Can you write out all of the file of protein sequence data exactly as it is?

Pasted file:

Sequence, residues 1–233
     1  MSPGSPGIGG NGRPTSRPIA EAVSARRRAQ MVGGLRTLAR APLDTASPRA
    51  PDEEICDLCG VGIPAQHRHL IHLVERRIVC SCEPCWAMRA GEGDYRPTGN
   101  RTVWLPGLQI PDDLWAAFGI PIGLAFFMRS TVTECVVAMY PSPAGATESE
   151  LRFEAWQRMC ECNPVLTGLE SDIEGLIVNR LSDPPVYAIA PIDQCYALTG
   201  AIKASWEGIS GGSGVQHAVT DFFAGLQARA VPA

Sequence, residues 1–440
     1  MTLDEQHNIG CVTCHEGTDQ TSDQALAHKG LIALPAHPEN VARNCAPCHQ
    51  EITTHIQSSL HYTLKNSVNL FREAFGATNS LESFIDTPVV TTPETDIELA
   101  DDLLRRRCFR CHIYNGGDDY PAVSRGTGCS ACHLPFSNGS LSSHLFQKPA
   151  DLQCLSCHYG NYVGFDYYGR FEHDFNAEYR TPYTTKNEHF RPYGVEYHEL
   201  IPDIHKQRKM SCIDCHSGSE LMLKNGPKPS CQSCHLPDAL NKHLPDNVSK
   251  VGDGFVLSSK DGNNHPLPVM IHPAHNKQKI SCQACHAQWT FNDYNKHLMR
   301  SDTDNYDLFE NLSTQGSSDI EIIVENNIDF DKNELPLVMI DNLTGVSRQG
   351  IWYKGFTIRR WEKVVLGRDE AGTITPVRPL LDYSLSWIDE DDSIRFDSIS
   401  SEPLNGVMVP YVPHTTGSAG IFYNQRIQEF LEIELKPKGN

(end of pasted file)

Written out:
Sequence, residues 1–233
     1  MSPGSPGIGG NGRPTSRPIA EAVSARRRAQ MVGGLRTLAR APLDTASPRA
    51  PDEEICDLCG VGIPAQHRHL IHLVERRIVC SCEPCWAMRA GEGDYRPTGN
   101  RTVWLPGLQI PDDLWAAFGI PIGLAFFMRS TVTECVVAMY PSPAGATESE
   151  LRFEAWQRMC ECNPVLTGLE SDIEGLIVNR LSDPPVYAIA PIDQCYALTG
   201  AIKASWEGIS GGSGVQHAVT DFFAGLQARA VPA

Sequence, residues 1–440
     1  MTLDEQHNIG CVTCHEGTDQ TSDQALAHKG LIALPAHPEN VARNCAPCHQ
    51  EITTHIQSSL HYTLKNSVNL FREAFGATNS LESFIDTPVV TTPETDIELA
   101  DDLLRRRCFR CHIYNGGDDY PAVSRGTGCS ACHLPFSNGS LSSHLFQKPA
   151  DLQCLSCHYG NYVGFDYYGR FEHDFNAEYR TPYTTKNEHF RPYGVEYHEL
   201  IPDIHKQRKM SCIDCHSGSE LMLKNGPKPS CQSCHLPDAL NKHLPDNVSK
   251  VGDGFVLSSK DGNNHPLPVM IHPAHNKQKI SCQACHAQWT FNDYNKHLMR
   301  SDTDNYDLFE NLSTQGSSDI EIIVENNIDF DKNELPLVMI DNLTGVSRQG
   351  IWYKGFTIRR WEKVVLGRDE AGTITPVRPL LDYSLSWIDE DDSIRFDSIS
   401  SEPLNGVMVP YVPHTTGSAG IFYNQRIQEF LEIELKPKGN